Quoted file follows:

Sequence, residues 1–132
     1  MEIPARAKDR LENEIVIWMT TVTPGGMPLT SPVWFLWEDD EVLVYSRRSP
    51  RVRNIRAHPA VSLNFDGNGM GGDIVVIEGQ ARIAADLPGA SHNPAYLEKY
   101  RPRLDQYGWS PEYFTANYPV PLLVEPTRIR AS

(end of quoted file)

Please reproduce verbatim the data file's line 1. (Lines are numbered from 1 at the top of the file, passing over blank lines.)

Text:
Sequence, residues 1–132